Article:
100 Years of Relativistic Cosmology (1917-2017). Part I: From Origins to the Discovery of Universal Expansion (1929): https://arxiv.org/abs/1709.03693
We are experiencing a period of extreme intellectual effervescence in the area of cosmology. A huge volume of observational data in unprecedented quantity and quality and a more consistent theoretical framework propelled cosmology to an era of precision, turning the discipline into a cutting-edge area of contemporary science. Observations with type Ia Supernovae (SNe Ia), showed that the expanding Universe is accelerating, an unexplained fact in the traditional decelerated model. Identifying the cause of this acceleration is the most fundamental problem in the area. As in the scientific renaissance, the solution will guide the course of the discipline in the near future and the possible answers (whether dark energy, some extension of general relativity or a still unknown mechanism) should also leverage the development of physics. In this context, without giving up a pedagogical approach, we present an overview of both the main theoretical results and the most significant observational discoveries of cosmology in the last 100 years. The saga of cosmology will be presented in a trilogy. In this article (Part I), based on the articles by Einstein, de Sitter, Friedmann, Lemaître and Hubble, we will describe the period between the origins of cosmology and the discovery of Universal expansion (1929). In Part II, we will see the period from 1930 to 1997, closing with the old standard decelerated model. The Part III will be entirely devoted to the accelerated model of the universe, the cosmic paradigm of the XXI century.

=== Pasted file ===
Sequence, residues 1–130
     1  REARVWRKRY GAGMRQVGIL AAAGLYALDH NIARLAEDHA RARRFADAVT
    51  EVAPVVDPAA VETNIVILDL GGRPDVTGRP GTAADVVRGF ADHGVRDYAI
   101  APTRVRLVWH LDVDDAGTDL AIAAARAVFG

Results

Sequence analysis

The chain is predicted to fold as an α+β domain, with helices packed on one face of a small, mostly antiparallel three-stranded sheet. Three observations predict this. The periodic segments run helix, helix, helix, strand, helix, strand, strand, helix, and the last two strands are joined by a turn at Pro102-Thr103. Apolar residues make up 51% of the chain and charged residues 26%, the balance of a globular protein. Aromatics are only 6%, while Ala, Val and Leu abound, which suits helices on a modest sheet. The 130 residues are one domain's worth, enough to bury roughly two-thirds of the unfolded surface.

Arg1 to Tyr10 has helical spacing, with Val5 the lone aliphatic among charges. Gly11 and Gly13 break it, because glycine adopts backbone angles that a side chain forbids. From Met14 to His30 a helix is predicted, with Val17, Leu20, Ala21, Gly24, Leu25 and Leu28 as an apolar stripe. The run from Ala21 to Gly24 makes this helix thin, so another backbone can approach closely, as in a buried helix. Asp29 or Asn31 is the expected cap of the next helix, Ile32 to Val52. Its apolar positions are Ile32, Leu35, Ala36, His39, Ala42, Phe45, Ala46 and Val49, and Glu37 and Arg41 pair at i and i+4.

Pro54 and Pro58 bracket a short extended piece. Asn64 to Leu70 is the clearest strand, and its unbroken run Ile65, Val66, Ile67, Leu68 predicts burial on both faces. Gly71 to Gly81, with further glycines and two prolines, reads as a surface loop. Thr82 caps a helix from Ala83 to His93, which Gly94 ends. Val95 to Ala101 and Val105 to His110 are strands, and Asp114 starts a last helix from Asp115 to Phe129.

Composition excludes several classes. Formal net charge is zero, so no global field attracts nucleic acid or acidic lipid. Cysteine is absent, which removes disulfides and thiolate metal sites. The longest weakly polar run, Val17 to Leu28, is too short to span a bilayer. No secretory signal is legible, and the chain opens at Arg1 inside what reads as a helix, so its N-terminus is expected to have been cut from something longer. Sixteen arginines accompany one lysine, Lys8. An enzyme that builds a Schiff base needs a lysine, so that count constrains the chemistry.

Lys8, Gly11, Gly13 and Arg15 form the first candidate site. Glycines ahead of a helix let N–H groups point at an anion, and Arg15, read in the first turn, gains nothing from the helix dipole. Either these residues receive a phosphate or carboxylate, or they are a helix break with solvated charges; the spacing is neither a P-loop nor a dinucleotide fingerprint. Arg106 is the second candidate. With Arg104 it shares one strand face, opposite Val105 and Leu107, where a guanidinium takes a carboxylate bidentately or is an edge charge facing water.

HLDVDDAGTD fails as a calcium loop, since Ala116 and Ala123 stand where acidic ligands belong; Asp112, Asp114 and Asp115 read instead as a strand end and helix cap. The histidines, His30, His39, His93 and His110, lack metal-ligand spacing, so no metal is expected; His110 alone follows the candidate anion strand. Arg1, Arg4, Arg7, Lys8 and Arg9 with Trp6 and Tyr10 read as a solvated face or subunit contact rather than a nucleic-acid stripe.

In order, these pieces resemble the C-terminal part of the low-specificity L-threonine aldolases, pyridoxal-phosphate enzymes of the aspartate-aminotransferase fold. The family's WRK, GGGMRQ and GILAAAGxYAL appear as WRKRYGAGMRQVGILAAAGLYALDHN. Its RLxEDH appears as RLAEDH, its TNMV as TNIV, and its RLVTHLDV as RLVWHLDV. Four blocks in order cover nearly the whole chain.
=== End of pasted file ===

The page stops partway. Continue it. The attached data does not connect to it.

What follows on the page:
Comments: 18 pages, 10 figures. To appear in Revista Brasileira de Ensino de Física (in Portuguese)
И еще тех же авторов на том же языке:
From Solar Eclipse of 1919 to the Spectacle of Gravitational Lensing: https://arxiv.org/abs/2001.01549
A century after observing the deflection of light emitted by distant stars during the solar eclipse of 1919, it is interesting to know the concepts emerged from the experiment and the theoretical and observational consequences for modern cosmology and astrophysics. In addition to confirming Einstein's gravitational theory, its greatest legacy was the construction of a new research area to cosmos science dubbed gravitational lensing. The formation and magnification of multiple images (mirages) by the gravitational field of a compact or extended lens are among the most striking phenomena of nature. This article presents a pedagogical view of the first genuine gravitational lens effect, the double quasar QSO 0957 + 561. We also describe the formation of rings, giant arcs, arclets and multiple Supernova images. It is also surprising that the Hubble constant and the amount of dark matter in the Universe can be measured by the same technique. Finally, the lensing of gravitational waves, a possible but still not yet detected effect, is also briefly discussed.
Comments: 22 pages, 20 figures, in Portuguese